Some 15 years ago, a friend recommended I check out a vintage BBC science documentary series called Connections: "I just think it will resonate with how your mind works." He was right. I was immediately hooked and devoured every available episode, following host James Burke down countless fascinating historical rabbit holes before arriving at an unexpected final destination—although in retrospect, the haphazard journey somehow made perfect sense. Connections was the science documentary series for compulsively curious people who weren't necessarily drawn to more traditional science and nature documentaries. And now Burke is back and better than ever with six new episodes of a rebooted Connections, thanks to the folks at Curiosity Stream.
The series had been around for decades before I made my belated discovery. The BBC first aired Connections to the UK back in 1978, expanding to the US the following year. Produced and directed by Mick Jackson, each episode would start with some past innovation or event—the invention of the cannon and subsequent changes to castle fortifications to eliminate blind spots, for example. Then Burke would spend the remainder of the episode tracking a path through a series of seemingly unrelated events—maps, limelight, incandescent bulbs, substituting guncotton for ivory in billiard balls, the zoopraxiscope, the telegraph—to demonstrate how they all connected to produce a modern-day breakthrough: the movie projector.
Much of the delight came from all those surprising and unexpected connections. But Burke also had an overarching philosophy about the nature of change and innovation, arguing that rather than progress occurring in a conventional linear fashion, it occurred nonlinearly via an intricate web of interconnected events. In short, one simply could not understand a new modern scientific breakthrough or technology in isolation. That's why the series was subtitled "An Alternative View of Change."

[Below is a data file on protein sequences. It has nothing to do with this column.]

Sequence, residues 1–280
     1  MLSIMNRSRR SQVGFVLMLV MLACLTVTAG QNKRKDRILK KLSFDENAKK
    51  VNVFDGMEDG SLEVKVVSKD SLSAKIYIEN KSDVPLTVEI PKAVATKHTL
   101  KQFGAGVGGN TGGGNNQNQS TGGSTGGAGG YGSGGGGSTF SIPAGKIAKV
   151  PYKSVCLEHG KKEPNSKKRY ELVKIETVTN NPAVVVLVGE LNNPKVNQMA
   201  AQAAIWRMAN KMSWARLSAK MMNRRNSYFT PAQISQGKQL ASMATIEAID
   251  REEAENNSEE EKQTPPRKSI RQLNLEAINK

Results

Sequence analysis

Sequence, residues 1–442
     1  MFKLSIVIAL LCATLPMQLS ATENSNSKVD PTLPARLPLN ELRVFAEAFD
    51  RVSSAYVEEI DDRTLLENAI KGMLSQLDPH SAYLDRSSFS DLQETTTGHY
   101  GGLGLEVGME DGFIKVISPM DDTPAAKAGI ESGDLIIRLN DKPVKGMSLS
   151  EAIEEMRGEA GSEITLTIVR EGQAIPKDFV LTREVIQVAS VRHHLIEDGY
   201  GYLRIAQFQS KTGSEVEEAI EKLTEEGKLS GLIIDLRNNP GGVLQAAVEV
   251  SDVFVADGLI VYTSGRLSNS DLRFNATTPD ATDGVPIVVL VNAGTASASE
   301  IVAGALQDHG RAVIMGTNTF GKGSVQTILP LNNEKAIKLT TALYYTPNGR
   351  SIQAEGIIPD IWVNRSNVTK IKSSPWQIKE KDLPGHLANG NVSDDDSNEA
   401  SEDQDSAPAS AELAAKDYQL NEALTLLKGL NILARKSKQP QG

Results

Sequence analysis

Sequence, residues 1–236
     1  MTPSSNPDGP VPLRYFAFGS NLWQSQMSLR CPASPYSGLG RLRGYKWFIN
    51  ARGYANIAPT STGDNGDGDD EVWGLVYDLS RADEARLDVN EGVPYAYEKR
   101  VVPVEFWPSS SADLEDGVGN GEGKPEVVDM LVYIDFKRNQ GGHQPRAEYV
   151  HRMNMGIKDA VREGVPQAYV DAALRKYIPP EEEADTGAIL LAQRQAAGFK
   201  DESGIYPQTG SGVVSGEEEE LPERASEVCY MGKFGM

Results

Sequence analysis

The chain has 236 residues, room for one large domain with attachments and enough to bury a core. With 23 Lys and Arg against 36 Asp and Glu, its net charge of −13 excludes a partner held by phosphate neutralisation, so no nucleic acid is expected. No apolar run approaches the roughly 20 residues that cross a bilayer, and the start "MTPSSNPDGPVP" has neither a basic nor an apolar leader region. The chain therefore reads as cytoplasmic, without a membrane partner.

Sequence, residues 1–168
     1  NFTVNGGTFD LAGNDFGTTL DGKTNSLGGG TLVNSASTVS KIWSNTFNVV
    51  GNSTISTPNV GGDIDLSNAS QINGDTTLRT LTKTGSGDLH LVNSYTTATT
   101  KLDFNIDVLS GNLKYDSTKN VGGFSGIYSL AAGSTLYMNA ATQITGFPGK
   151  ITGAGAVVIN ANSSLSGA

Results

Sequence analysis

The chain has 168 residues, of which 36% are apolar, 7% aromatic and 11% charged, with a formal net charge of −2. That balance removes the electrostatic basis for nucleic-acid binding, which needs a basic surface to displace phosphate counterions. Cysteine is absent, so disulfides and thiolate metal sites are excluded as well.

This alternative view has some significant implications. First, since history is driven by people who act only on what they know at the time, one can merely speculate about how science and technology will progress into the future. As surprising as Burke's connections might be, future audiences will be equally surprised by where today's actions and events will have led. The downside is that, over time, there will be an increasing number of possible connections. So the process of innovation can accelerate too rapidly, to the point where human beings simply can't adapt quickly enough. Eventually, only an elite few will have requisite knowledge and expertise to navigate an incredibly complicated technological world built on all those interconnected innovations; the average person will simply be out of our depth.
It's a conceptual framework that has remained relevant over the ensuing decades. The Learning Channel (TLC) revived Connections for two subsequent seasons in 1994 and 1995. And now Curiosity Stream has taken up the mantle, keeping everything we loved about the original series—including its legendary host. This time around, Burke explores such links as the death of Rene Descartes in 1649 and virtual reality, for instance, or Napoleon's toothpick and Nielsen TV ratings. And he's still an active participant, jumping into a sensory tank with dolphins for an episode connecting outbreaks of syphilis in the French aristocracy to nano fabrication and its implications for the value of things.
"Increasingly today, change happens too fast for most of us to handle," Burke said. "Connections shows how this happens: because when things come together in new ways, 1+1= 3. The connective approach offers a way to second-guess that process—and predict the future." Ars spoke with Burke to learn more.